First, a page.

Pulmonary vascular disease with congenital heart lesions: pathologic features and causes.
Pulmonary vascular disease, a serious complication of many congenital heart lesions, has three major components: increased muscularity of small pulmonary arteries; intimal hyperplasia, scarring and thrombosis; and reduced numbers of intraacinar arteries. The muscularity is due to increased stress on the vessel wall, and is reversible. The intimal changes may be due to endothelial damage, causing an imbalance between prostacyclin and thromboxane A2 production and leading to local platelet aggregation. This, in turn, may stimulate migration and division of myointimal cells, which thicken the intima and lead to scarring and thrombosis. Extensive intimal changes are probably irreversible, but the possibility of preventing them by use of agents that inhibit platelet aggregation needs to be considered. The mechanism of a decrease in numbers of intraacinar arteries is unexplained. The potential for growth of new vessels after corrective surgery of the cardiac defect is an important factor in restoring pulmonary vascular resistance to normal. Available evidence suggests that this growth potential is reduced after 2 years of age and argues for early surgical relief of pulmonary vascular stresses.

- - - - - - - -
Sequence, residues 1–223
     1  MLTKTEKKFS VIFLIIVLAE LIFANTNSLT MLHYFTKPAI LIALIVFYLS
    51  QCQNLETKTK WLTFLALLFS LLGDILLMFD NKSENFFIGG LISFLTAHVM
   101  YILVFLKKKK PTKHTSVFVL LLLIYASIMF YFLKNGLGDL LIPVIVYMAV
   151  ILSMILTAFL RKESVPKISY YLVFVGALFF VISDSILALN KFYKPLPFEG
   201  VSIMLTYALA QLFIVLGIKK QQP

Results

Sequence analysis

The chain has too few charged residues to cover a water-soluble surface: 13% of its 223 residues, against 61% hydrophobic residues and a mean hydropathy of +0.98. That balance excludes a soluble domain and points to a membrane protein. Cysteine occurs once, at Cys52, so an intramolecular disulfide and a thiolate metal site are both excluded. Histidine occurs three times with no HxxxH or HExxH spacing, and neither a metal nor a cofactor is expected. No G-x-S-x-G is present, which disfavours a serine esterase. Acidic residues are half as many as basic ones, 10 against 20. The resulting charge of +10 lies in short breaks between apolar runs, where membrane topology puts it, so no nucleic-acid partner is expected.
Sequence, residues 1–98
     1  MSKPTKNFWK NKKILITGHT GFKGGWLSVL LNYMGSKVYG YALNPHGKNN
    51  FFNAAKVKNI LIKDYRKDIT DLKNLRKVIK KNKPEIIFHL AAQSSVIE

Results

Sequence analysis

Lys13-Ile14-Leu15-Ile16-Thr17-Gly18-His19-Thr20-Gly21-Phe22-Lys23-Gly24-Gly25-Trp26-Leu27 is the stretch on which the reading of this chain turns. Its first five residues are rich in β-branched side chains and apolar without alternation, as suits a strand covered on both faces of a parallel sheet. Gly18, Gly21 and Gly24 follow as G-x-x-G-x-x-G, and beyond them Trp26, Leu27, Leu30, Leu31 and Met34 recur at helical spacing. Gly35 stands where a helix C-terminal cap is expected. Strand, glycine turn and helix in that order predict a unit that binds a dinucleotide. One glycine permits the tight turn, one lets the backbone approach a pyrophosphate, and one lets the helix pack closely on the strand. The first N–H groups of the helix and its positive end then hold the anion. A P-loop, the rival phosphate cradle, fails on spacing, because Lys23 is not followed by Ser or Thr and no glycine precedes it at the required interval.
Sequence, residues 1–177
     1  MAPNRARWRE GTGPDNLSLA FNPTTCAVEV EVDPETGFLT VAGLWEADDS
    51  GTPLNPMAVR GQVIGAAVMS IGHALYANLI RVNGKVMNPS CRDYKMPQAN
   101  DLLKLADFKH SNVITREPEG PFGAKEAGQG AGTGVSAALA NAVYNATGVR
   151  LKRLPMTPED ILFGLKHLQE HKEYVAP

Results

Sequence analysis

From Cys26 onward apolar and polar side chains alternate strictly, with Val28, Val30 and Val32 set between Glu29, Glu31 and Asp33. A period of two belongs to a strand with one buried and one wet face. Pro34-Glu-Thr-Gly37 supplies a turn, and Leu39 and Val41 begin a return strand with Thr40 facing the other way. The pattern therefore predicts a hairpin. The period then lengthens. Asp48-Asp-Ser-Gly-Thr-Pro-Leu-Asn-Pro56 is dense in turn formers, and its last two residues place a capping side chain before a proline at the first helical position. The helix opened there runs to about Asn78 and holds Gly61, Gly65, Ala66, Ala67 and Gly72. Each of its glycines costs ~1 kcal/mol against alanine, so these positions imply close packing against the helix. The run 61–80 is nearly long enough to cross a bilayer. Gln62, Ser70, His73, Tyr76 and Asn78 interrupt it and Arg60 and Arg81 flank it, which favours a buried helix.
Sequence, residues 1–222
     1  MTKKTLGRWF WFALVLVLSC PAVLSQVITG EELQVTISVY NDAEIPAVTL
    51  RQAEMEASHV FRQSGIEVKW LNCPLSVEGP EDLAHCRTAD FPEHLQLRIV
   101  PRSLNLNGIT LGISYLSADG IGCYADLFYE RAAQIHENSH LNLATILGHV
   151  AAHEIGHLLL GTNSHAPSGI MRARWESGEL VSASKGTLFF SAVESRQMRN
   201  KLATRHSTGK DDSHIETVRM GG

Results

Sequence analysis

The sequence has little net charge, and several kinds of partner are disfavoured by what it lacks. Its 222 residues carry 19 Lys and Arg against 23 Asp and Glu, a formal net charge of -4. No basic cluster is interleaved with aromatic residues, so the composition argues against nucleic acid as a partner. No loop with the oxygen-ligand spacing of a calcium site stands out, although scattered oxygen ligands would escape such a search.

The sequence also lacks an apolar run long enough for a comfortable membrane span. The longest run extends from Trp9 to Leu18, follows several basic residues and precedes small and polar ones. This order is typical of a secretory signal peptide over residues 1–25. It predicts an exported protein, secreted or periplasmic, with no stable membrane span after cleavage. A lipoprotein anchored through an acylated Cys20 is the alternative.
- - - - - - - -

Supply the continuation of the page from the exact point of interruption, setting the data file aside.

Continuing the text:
- Copyright © 1981 by American Heart Association